Levet would love a win without Claret in jug

By: samjack


Thomas Levet started the first hole of his third round in a red polo shirt and finished it swaddled in blue waterproofs. But although the sky rained on his parade, not much else seemed to get under his skin. The joker had his poker face on.
Levet isn’t just a personality, he’s many personalities. He describes them as good Thomas, normal Thomas and bad Thomas. But there is also multilingual Thomas, who is learning Japanese and who cheekily talked to Justin Rose in Portuguese after England had lost to the hosts at Euro 2004.
There is Thomas possessed who, like Thomas Bjorn, was infiltrated by demons, “but it wasn’t demons, it was spiders and ghosts”. And there is funny Thomas who replied to the question why there were so many French winners on tour this year by saying, “It’s the dope, man”.
He claims that it was so windy when he came to Scotland the first time, that he nearly missed the first tee because the starter’s hut had been blown 100 yards down the fairway. But he has certainly learned to play in the wind. Encouraged by the sporting support of Stephen Ames, his playing partner, Levet held on to score 74 on the Saturday of the Muirfield Open, on an afternoon when Tiger Woods was blown away to an 81.
He eventually lost in a play-off to Ernie Els but few will forget how he lifted the big man off the ground, celebrating the South African’s victory in a remarkable act of Levet-ation. Maybe that is why his progress this week has been accompanied by shouts of Allez Toe-Mass in accents as thick as Scotch broth. There would be few more popular winners than the Frenchman, at least in European terms. In these parts Monty is the main man, but in France Levet is Monsieur Big.
After the second round Ladbrokes made the Frenchman third favourite, but even before the start of the Championship Padraig Harrington had picked him out as one to watch. Three weeks ago Harrington said, “An outside bet is someone like Thomas Levet who hits it straight and low, loves links golf and who’s putting will be suited by the slower greens”. On Friday Levet’s putting was not at its best, but he was drilling long irons from the tee as accurately as a dentist doing root canal work.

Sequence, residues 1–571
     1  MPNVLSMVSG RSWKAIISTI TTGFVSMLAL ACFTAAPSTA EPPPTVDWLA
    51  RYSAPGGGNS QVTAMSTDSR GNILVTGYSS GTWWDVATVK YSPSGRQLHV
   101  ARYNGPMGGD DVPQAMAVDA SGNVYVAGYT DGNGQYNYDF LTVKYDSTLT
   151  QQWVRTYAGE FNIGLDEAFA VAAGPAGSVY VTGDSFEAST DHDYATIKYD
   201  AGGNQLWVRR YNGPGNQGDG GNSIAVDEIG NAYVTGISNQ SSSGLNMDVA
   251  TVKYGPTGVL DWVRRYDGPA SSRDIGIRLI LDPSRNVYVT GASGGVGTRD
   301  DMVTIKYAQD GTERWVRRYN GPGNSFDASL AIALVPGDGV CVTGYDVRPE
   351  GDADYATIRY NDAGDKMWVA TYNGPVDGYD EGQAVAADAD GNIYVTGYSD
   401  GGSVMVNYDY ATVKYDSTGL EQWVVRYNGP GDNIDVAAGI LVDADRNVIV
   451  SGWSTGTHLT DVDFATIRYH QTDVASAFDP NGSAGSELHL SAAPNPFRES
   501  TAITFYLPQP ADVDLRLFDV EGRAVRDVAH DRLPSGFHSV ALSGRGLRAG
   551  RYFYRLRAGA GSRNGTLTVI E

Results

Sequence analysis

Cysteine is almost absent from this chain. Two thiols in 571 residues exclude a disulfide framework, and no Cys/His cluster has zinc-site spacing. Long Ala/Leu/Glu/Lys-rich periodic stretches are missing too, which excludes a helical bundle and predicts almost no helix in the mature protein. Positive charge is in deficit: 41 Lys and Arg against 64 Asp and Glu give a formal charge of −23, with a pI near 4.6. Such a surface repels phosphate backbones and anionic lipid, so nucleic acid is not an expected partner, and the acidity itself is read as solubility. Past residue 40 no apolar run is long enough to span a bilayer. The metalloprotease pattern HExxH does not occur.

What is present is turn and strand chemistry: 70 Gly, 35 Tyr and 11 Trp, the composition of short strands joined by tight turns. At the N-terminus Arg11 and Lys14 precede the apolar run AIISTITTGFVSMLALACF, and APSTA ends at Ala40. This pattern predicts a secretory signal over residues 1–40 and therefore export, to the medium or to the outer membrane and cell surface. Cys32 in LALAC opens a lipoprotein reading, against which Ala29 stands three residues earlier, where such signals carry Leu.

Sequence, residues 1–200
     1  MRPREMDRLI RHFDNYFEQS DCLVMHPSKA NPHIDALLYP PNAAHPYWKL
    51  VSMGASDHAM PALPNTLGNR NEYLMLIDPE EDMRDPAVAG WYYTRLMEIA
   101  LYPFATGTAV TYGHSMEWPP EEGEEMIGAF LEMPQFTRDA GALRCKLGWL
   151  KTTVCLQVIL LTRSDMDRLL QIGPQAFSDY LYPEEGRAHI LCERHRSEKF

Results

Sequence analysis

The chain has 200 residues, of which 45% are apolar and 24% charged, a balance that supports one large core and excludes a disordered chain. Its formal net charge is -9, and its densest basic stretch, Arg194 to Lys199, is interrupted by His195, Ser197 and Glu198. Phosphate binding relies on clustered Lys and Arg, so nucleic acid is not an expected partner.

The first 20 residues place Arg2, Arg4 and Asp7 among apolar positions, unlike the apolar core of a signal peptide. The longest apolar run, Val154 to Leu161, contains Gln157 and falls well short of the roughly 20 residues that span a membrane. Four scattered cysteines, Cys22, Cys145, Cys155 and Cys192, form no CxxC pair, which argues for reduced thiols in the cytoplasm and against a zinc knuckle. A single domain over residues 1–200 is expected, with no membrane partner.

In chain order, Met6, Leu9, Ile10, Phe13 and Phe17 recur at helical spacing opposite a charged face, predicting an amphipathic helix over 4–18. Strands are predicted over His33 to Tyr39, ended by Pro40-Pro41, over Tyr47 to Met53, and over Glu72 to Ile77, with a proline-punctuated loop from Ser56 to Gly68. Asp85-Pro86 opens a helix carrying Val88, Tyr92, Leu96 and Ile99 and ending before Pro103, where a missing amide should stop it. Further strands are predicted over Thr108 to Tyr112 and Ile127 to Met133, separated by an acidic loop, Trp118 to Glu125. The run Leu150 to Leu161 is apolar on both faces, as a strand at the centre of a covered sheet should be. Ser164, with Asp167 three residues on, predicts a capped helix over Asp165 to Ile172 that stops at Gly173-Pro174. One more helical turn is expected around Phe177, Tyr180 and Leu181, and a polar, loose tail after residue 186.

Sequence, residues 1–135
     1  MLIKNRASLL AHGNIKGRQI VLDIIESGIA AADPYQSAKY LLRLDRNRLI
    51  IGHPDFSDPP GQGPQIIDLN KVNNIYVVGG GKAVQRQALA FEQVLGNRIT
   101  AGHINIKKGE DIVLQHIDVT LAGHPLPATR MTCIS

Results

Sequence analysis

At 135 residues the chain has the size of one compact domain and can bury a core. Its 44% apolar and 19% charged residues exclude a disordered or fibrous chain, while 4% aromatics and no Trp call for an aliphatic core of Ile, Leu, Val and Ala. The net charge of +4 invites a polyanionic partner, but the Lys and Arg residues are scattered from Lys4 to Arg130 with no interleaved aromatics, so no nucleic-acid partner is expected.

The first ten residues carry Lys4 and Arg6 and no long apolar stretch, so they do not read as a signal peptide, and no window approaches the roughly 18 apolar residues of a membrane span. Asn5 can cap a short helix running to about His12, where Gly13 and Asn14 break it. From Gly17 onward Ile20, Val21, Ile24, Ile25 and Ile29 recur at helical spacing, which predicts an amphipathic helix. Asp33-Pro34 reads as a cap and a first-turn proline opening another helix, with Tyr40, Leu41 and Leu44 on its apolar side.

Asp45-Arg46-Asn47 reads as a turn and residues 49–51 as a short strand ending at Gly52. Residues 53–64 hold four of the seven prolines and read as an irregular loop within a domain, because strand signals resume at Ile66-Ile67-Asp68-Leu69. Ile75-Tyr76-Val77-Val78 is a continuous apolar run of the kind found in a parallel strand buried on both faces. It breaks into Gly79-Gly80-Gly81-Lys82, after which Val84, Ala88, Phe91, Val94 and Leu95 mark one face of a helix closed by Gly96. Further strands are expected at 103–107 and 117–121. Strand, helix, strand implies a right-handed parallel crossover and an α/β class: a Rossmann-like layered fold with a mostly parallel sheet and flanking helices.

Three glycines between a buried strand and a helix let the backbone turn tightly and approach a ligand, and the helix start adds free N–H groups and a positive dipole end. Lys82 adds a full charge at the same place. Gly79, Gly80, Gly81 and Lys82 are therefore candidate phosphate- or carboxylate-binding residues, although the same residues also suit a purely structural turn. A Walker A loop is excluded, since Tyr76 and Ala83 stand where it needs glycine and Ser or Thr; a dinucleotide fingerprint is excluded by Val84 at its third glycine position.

But can he keep his head, a part of his anatomy that has become detached in the past. He was once playing a tournament in Germany, took a shower and then had to call down because there were no towels. Forty minutes later there were still no towels, the only known case in history when the Germans have forgotten to have the planet pretty well covered by dawn, and Thomas was cold and wet. “My ‘ead, eet come off,” is the way he explained his loss of temper.
It was not the first time that bad Thomas had huffed and puffed and dynamited the building. He says, “I can destroy anyone, especially in a restaurant,” when making Thomas wait for butter is as provocative as driving a truck into his living room.
His finest explosion on a golf course came when Levet hit a wedge to 10 feet, marked and cleaned his ball, studied the line and then missed the putt. Patiently he went through the routine again and missed again. And again. And again. After the fourth time he went up to his ball with malice in his heart and whacked it back down the fairway. He took the new yardage from his caddie, pitched back on to the green and eventually found the hole with his tenth shot.
After that it was natural that he should go into club design, because it’s not always easy to find a putter that hits the ball 80 yards. Levet reckons that he is the only golfer other than Tiger Woods to be so involved in design. As he puts it, “My word is on every club”. And being French, one of Levet’s words is style. The white grips that he plays with are the height of funk chic, and we’re not talking funk as in Fred.
The American could not be bothered to turn up for the Open, a farcical insult when compared to Levet who had to pull out of qualifying with his legs shaking from fatigue. But he made it into the Championship when he won at Loch Lomond and he will be well worth toasting should he win at Troon.
Just don’t make it a glass of Claret. Levet says, “I hate wine. It is the worst thing you can make me eat or drink. It is my number one dislike. If you want to invite me round and you make me eat asparagus and drink wine, then you do not know me. I hate those two things.” You still get vintage Levet even when he’s corked.

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